you should not test the sign bit. Example: 


Use integer instructions in stead, and shift out the sign bit:


The former code takes 9 clocks, the latter takes only 2.
If the floating point number is double precision (QWORD) then you only have 
to test bit 32-62. If they are zero, then the lower half will also be zero 
if it is a valid floating point number.  

Testing if negative:
A floating point number is negative if the sign bit is set and at least one 
other bit is set. Example:
MOV EAX,[NumberToTest] / CMP EAX,80000000H / JA IsNegative

Manipulating the sign bit:
You can change the sign of a floating point number simply by flipping the sign 
bit. Example:
XOR BYTE PTR [a] + (TYPE a) - 1, 80H

Likewise you may get the absolute value of a floating point number by simply 
ANDing out the sign bit.  

Comparing numbers:
Floating point numbers are stored in a unique format which allows you to use 
integer instructions for comparing floating point numbers, except for the 
sign bit. If you are certain that two floating point numbers both are 
positive then you may simply compare them as integers. Example: 

FLD [a] / FCOMP [b] / FNSTSW AX / AND AH,1 / JNZ ASmallerThanB

Change to:

MOV EAX,[a] / MOV EBX,[b] / CMP EAX,EBX / JB ASmallerThanB

This method only works if the two numbers have the same precision and you 
are certain that none of the numbers have the sign bit set. If one or both 
numbers may be negative or minus zero, then you have to take all 
combinations into account which makes the code so complicated that you 
probably would prefer to do a floating point compare.  

19.1 Moving data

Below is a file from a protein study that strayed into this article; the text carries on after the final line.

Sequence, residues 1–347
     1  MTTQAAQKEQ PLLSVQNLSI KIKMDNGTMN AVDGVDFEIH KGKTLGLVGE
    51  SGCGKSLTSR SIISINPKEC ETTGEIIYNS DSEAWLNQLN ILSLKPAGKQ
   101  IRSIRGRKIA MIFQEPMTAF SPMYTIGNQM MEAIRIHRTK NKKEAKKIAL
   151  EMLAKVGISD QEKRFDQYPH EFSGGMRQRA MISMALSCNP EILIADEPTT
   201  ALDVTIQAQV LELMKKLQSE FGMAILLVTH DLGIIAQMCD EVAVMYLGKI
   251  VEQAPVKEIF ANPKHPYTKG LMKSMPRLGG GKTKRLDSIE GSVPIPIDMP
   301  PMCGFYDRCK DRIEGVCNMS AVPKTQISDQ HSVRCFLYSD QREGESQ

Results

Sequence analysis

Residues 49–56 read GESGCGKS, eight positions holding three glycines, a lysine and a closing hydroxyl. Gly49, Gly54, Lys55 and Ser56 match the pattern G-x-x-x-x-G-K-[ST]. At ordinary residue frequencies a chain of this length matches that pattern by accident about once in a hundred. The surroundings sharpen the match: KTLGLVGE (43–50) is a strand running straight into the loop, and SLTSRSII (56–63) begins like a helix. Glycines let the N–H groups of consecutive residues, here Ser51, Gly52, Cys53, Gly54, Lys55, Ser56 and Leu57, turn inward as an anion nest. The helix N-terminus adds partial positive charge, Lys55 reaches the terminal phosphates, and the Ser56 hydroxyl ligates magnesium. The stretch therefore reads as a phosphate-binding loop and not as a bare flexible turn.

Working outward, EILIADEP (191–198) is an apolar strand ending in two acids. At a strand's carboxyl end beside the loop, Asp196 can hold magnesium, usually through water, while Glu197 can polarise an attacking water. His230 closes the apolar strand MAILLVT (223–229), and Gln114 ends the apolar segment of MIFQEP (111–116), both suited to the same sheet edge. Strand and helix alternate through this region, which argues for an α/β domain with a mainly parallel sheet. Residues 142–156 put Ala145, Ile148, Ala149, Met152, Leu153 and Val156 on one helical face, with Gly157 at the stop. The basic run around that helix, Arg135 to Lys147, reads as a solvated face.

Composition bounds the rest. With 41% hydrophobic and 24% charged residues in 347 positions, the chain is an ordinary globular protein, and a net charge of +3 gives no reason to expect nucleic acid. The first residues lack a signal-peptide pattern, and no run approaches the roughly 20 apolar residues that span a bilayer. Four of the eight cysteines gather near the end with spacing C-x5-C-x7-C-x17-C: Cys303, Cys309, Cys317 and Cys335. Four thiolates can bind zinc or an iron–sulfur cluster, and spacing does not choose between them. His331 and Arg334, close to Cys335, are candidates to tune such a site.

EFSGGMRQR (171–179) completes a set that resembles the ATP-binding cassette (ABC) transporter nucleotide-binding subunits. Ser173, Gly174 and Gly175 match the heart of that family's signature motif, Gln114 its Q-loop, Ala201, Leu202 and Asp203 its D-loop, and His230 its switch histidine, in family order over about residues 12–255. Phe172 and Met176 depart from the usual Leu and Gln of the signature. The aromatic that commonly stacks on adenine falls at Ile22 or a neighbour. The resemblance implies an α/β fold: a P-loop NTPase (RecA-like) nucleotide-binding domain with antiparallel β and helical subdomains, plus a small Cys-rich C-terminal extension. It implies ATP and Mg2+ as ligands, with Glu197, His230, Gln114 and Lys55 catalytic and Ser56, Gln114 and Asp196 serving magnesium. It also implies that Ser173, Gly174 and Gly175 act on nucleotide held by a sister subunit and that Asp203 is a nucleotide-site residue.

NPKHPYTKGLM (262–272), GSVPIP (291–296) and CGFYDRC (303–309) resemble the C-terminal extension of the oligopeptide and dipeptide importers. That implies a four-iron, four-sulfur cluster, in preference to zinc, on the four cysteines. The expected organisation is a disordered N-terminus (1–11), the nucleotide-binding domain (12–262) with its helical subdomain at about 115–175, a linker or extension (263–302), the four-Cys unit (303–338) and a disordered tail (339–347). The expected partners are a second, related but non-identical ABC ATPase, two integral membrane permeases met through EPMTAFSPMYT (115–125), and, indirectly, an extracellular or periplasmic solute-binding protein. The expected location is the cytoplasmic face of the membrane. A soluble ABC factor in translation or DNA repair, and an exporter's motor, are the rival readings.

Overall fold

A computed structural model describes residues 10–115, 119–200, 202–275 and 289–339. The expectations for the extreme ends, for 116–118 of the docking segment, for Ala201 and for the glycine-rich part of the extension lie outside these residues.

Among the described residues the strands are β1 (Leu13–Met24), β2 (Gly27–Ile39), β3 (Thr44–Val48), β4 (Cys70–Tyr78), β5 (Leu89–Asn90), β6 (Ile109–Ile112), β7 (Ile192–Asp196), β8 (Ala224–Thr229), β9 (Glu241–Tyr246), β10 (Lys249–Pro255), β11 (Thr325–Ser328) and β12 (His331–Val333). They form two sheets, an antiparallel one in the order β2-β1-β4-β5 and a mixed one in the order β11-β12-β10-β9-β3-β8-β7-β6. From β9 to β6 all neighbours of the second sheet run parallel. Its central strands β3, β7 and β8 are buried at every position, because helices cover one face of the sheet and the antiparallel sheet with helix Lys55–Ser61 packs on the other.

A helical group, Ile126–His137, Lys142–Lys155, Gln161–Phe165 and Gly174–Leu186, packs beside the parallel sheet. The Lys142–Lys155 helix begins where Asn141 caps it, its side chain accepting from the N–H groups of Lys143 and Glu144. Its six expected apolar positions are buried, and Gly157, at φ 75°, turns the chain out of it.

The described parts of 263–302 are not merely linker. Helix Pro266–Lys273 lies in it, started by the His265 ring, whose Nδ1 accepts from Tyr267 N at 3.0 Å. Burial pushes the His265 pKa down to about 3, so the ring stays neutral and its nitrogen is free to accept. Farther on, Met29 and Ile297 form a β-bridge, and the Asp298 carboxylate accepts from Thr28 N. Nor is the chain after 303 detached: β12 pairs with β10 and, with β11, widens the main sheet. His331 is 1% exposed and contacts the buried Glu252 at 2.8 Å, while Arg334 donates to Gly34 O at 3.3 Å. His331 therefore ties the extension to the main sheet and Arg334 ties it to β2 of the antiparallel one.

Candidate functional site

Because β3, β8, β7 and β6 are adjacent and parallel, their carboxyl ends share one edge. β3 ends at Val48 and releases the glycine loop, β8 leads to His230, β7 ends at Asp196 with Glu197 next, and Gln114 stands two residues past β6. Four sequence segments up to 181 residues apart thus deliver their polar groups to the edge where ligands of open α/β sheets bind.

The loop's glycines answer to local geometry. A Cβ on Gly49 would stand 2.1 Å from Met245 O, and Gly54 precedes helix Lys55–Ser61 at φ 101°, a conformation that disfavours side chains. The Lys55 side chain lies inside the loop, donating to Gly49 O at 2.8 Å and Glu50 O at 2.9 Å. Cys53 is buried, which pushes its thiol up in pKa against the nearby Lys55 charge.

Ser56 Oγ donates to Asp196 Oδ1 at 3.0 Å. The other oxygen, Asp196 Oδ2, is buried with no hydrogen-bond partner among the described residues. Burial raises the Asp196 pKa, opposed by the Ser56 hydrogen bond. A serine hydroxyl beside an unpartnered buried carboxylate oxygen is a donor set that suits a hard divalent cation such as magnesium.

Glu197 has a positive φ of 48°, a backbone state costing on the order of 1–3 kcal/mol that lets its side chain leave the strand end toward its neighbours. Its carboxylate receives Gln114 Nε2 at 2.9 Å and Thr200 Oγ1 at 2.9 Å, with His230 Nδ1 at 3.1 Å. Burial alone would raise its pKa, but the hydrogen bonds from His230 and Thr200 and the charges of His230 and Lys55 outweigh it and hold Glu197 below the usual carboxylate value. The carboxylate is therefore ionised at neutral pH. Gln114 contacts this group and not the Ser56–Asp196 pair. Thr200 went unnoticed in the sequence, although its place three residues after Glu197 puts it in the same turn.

Floating point instructions can be used to move 8 bytes at a time:
This is only an advantage if the destination is not in the cache. The 
optimal way to move a block of data to uncached memory on the Pentium is: 

JNZ TopOfLoop

The source and destination should of course be aligned by 8. The extra time 
used by the slow FILD and FISTP instructions is compensated for by the fact 
that you only have to do half as many write operations.  Note that this 
method is only advantageous on the Pentium and only if the destination is 
not in the cache. On all other processors the optimal way to move blocks of 
data is REP MOVSD, or if you have a processor with MMX you may use the MMX 
instructions in stead to write 8 bytes at a time.  

19.2 Integer multiplication
Floating point multiplication is faster than integer multiplication on the 
Pentium without MMX, but the price for converting integer factors to float 
and converting the result back to integer is high, so floating point 
multiplication is only advantageous if the number of conversions needed is 
low compared to the number of multiplications. Integer multiplication is 
faster than floating point on other processors.  

19.3 Integer division
Floating point division is not faster than integer division, but you can do 
other integer operations (including integer division, but not integer 
multiplication) while the floating point unit is working on the division. 
See paragraph 17.6 above for an example.  

19.4 Converting binary to decimal numbers